George and Min Vennard of Abbotsford recently celebrated their 70th anniversary.

George and Min Vennard of Abbotsford recently celebrated their 70th anniversary.

Couple who met on baseball field still going strong after 70 years

George and Min Vennard of Abbotsford celebrate seven decades of marriage

George and Min Vennard of Abbotsford celebrated their 70th anniversary on May 15.

They both grew up in small-town Saskatchewan, about 50 kilometres apart, and got to know each other from baseball games.

Min would go to watch her brother and other friends play ball, and George caught her eye – she thought he was cute.

George enlisted in the army in the Second World War but was not sent overseas. Min moved to Malton, Ont., where she worked in a small-arms and airplane factory.

Following the war, Min returned to Saskatchewan and a romance developed between her and the “cute” ballplayer, and they later became engaged.

George moved to B.C. in 1947 to find employment as an automotive mechanic, settling in Langley.

Min travelled to B.C. by train in 1948 to meet her fiance, and they were married in Langley on May 15, 1948.

The high water levels this year remind them of the flood of 1948. George remembers filling sandbags to help in the battle against the Fraser River, and recalls seeing a log floating down the river with chickens clinging to it for dear life.

George and Min made their home in a small house in Langley, and their first daughter was born in Langley Hospital. The family relocated to Abbotsford in 1951.

Two sons and another daughter were added to the family – all born at the former MSA General Hospital.

George worked as a mechanic at several garages in Abbotsford over the years and took over ownership of Vic’s Esso (across from the Fraser Valley Inn), running the business with his two sons until his retirement.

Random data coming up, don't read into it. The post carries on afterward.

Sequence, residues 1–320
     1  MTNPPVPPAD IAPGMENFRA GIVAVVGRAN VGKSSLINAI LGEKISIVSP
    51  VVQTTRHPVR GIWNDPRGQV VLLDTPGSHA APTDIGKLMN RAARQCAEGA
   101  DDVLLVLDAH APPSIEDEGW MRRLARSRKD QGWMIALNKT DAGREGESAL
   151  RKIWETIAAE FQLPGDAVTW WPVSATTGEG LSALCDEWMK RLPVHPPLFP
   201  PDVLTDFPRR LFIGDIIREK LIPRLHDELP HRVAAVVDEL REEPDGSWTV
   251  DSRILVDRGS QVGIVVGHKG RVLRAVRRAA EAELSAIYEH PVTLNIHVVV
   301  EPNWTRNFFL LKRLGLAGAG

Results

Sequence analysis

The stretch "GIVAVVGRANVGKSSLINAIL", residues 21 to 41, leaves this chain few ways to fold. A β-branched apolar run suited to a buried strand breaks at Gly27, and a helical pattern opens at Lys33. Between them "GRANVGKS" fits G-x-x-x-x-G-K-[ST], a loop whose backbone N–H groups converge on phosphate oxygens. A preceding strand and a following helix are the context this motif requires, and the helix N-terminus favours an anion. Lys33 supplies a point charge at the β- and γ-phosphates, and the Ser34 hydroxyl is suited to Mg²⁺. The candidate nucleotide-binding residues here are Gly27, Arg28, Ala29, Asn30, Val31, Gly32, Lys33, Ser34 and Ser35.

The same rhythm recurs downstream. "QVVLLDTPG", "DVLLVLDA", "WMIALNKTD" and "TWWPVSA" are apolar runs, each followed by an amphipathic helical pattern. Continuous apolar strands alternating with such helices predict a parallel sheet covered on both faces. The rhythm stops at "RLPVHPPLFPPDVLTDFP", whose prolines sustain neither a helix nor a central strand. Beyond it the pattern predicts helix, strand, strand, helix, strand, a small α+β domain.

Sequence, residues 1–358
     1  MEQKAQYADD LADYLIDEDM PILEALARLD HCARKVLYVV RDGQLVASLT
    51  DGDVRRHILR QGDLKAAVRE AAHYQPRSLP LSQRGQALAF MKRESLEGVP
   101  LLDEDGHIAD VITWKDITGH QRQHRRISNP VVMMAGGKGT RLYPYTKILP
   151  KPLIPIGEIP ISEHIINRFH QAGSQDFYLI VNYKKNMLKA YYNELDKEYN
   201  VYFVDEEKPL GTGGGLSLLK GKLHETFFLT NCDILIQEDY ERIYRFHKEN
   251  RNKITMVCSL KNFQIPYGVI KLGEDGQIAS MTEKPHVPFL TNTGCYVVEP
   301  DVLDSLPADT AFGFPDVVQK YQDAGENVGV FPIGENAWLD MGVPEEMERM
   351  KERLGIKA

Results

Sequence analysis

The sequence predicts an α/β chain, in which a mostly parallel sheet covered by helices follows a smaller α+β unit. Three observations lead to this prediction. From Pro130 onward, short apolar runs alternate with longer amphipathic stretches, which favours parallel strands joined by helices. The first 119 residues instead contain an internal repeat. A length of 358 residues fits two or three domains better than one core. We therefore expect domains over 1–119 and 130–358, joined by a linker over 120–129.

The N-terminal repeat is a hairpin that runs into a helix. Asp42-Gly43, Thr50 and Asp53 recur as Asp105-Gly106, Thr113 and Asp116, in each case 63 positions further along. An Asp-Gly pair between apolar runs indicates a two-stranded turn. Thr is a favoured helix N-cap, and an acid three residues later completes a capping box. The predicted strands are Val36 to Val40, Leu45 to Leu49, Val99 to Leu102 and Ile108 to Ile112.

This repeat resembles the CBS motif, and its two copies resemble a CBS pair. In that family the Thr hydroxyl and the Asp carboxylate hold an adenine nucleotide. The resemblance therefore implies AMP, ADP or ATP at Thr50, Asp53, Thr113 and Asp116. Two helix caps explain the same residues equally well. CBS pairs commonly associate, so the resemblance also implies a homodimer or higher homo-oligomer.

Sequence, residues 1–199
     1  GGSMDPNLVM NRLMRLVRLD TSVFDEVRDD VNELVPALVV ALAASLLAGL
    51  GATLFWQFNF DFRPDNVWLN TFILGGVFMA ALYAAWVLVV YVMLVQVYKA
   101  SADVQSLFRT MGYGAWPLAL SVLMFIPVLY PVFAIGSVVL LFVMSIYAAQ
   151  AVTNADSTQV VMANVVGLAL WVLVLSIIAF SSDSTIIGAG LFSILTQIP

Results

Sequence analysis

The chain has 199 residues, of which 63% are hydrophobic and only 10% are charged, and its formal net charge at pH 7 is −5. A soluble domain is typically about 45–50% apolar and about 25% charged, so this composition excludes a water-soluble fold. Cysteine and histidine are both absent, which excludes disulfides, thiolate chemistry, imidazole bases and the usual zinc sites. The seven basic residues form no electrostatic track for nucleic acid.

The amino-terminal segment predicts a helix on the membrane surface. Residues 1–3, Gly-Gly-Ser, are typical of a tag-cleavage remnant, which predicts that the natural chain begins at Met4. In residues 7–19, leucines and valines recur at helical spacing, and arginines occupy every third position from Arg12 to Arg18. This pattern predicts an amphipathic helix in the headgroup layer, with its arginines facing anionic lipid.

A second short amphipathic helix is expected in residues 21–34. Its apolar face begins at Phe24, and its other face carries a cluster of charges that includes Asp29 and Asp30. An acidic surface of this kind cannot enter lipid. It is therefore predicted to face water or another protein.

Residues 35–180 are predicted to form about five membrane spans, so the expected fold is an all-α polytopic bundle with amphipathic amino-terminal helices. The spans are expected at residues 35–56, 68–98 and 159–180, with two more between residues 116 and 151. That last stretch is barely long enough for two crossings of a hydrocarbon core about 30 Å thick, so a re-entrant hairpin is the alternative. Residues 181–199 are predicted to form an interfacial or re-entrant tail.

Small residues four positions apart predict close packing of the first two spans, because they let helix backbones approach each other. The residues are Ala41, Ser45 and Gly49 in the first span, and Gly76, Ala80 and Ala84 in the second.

Min worked at the Delair Cafe (now the location of Valley Realty), and then Rancho Caterers, where she worked for many years while looking after the family and household.

Min and George enjoyed five-pin bowling at Galaxy Bowl, participating in leagues and tournaments. Both of them won trophies and awards, and George’s name is on some of the plaques and trophies still displayed at the bowling alley.

Family vacations were always camping trips – although camping with four kids and a dog may not sound like much of a vacation. Trips to Calgary were also made to visit George’s brother, who married Min’s sister.

Min suffered a ruptured brain aneurysm in 2013 and underwent brain surgery at Royal Columbian Hospital. She fought back to return almost to full health, prompting the doctors to call her a miracle.

After the surgery, the kids were concerned about the stress on George, and felt he should not visit until her condition was stabilized.

When he was finally able to see her, the normally quiet George was so excited he couldn’t stop talking. After that, he visited every day until Min made it home.

The couple live independently, with help from their family. They have four grandchildren and one great-grandson. One of their greatest joys in life is how close the family remains, both in proximity and in spirit.